Morningstar Inc. is sounding a warning to Wall Street money managers looking to pounce on one of the hottest trends of the past few years: the breakneck rush into active exchange-traded funds.

While this breed of fund has attracted record sums of cash in recent years, it’s no “panacea” for managers, according to a Morningstar report published this week. In fact, 74% of the nearly $630 billion in US active ETFs is controlled by the top 10 issuers in a field of about 320 firms that have embraced the wrapper — meaning that the pool of companies benefiting from the asset boom is exceedingly small.

The research is a cautionary tale to money managers who have watched billions of dollars drain from actively managed mutual funds in favor of the lower cost, tax-efficient ETF wrapper. That dynamic has spurred an arms race among issuers seeking to grab share of a rapidly growing pie, spurring record fund launches. But while it’s true that actively managed ETFs have posted record-breaking inflows at the expense of their mutual fund peers, the reality is that the leadership in the active ETF industry is very concentrated and success is far from guaranteed, Morningstar said.

“Many strategies have adopted ETF wrappers looking for salvation only to find struggle,” Morningstar analysts led by Bryan Armour wrote in the report. “There are many active ETFs, but only a few funds from a handful of issuers have been successful, so far.”

Dimensional Fund Advisors and JPMorgan Asset Management are the two largest issuers with a combined $228 billion under management, accounting for about 36% of total active ETF assets alone, data compiled by Bloomberg show. Dimensional got an early boost by being one of the first issuers to convert mutual funds into ETFs in 2021, while JPMorgan’s popular income-oriented funds have inspired a wave of copycats.

In addition to the top-heavy league table, money managers should also be mindful of the fact that the ETF vehicle isn’t suitable for all types of active strategies, Morningstar said. For starters, ETFs can’t close to new investors in the way that mutual funds can, which could theoretically mean that the fund becomes too big for it to effectively invest. Those potential capacity constraints mean that investors need to keep an eye on concentrated strategies, particularly those that “play in small sandboxes” or illiquid assets, the report said.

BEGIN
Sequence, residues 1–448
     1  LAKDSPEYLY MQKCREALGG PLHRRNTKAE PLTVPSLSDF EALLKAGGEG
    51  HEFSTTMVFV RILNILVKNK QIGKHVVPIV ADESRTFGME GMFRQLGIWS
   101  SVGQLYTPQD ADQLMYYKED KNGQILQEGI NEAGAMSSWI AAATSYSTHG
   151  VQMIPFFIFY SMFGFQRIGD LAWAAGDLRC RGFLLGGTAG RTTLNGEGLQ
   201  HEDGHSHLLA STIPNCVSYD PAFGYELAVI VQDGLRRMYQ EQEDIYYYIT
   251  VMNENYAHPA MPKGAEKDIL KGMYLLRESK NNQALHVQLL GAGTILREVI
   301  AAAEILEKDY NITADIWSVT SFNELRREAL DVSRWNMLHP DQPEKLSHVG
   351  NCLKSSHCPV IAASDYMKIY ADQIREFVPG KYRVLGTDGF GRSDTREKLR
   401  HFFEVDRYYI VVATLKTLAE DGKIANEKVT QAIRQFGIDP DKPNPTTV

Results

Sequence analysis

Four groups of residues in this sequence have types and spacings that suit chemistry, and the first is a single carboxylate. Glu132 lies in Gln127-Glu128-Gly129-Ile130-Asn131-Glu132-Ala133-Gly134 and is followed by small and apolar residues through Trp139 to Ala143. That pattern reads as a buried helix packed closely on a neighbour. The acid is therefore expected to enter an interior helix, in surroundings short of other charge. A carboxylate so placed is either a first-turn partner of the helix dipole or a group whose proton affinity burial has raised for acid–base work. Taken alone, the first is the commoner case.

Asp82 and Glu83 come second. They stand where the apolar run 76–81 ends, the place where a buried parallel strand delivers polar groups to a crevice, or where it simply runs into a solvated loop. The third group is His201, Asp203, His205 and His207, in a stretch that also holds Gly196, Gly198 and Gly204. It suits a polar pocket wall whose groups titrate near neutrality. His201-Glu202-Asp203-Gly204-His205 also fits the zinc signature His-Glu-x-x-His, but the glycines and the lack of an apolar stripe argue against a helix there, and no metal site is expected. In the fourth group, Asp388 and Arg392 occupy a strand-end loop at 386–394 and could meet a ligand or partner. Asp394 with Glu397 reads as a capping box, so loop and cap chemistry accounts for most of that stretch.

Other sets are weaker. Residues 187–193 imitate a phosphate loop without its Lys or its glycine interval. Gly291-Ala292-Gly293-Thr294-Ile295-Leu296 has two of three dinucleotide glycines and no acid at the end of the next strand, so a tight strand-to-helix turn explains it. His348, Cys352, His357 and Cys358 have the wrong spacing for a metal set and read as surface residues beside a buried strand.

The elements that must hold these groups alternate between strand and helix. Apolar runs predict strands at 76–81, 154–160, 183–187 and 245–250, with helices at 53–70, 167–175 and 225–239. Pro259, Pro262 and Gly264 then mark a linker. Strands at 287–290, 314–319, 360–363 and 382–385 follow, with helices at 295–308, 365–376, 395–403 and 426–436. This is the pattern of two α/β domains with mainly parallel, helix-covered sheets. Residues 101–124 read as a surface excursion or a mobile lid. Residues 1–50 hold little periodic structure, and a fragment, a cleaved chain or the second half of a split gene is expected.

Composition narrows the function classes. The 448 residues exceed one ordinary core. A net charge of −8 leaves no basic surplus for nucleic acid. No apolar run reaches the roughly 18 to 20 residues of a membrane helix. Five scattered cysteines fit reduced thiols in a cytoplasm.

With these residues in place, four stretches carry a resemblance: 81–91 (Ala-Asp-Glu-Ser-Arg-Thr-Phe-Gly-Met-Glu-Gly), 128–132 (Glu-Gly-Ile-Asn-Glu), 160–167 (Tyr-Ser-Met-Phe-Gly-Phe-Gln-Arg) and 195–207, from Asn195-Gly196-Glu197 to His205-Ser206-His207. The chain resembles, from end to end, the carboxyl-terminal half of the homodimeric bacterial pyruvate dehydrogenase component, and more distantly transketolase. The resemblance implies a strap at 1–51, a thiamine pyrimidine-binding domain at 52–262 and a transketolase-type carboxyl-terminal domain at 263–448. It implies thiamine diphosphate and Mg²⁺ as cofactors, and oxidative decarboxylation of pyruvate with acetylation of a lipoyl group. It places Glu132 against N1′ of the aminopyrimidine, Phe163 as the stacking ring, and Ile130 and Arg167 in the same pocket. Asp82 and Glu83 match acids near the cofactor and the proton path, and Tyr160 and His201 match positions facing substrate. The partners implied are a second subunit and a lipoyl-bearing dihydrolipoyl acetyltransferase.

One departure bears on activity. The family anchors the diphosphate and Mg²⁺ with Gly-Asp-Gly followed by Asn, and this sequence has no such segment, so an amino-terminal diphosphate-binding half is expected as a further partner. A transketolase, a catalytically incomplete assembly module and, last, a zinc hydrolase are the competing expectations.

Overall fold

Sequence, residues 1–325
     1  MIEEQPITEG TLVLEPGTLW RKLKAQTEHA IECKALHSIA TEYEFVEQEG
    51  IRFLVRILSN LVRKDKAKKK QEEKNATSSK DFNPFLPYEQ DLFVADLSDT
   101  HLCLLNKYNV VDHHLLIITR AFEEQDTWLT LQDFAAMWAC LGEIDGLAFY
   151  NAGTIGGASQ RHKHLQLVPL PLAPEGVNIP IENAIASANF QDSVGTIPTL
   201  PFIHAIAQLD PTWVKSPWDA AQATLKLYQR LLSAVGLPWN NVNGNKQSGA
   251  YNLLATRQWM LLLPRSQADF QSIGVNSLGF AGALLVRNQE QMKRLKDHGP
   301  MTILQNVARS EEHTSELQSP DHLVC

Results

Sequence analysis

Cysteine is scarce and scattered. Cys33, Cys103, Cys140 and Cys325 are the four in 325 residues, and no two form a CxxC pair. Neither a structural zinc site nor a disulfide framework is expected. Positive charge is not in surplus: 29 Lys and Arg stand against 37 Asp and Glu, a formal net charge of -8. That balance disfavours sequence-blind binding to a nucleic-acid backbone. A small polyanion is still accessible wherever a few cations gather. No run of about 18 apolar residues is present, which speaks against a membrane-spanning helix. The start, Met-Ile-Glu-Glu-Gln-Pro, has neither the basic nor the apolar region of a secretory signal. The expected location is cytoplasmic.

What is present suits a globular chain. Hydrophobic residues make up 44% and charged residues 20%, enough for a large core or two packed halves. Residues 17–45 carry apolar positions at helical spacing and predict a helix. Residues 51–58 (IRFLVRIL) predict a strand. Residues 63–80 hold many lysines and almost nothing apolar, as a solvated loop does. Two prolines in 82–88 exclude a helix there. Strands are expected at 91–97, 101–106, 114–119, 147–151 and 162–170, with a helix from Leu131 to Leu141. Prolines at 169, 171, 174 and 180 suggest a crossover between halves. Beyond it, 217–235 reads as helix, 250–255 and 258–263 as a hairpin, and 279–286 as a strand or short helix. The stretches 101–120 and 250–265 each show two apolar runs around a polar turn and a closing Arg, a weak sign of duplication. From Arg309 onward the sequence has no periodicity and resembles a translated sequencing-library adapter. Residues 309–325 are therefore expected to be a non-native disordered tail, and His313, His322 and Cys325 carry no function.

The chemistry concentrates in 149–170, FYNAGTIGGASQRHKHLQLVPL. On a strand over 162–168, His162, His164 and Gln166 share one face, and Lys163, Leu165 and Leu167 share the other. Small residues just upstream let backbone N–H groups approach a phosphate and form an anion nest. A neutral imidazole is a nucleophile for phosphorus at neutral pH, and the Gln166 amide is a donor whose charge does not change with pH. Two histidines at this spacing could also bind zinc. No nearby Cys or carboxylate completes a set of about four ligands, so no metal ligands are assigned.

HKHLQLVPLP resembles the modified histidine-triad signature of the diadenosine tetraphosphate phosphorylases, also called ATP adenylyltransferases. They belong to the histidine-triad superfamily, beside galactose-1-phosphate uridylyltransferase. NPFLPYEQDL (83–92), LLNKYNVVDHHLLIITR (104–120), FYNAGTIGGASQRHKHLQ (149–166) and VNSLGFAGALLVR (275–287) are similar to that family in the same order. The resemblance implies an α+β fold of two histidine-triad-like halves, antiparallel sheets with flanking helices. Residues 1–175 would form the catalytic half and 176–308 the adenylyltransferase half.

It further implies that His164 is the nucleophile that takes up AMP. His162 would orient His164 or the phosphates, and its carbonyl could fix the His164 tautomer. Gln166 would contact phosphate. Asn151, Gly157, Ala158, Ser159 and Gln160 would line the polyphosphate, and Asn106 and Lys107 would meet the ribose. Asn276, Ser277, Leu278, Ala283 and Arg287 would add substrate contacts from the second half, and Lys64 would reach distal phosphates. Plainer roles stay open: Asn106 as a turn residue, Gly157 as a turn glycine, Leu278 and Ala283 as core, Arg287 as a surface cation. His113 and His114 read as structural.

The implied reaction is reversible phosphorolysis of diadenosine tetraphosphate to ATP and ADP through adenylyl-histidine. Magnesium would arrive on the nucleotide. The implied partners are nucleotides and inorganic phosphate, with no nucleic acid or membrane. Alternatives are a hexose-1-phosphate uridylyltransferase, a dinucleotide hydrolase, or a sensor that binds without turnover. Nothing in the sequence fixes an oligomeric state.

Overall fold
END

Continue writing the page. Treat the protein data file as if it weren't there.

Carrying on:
Even still, asset managers continue to pursue active ETFs. Just last week, MFS Investment Management — home to the world’s first mutual fund — submitted applications for its inaugural such funds, while BlackRock Inc. filed plans to flip an actively managed mutual fund into an ETF. Meanwhile, industry newcomers such as TCW Group are committed to the space against a backdrop of high interest rates.

“If money’s free, it’s a little harder for maybe one company to differentiate versus another. But with higher rates and higher costs of capital, we have a very strong conviction that we’re able to understand how a system like power and energy changes, but then we’re able to find the best managed company with the best prospects and they’re going to pull away,” TCW global head of distribution Jennifer Grancio said. “The next 10-plus — however many years — where money’s not free, this is a great market for active.”

This article was provided by Bloomberg News.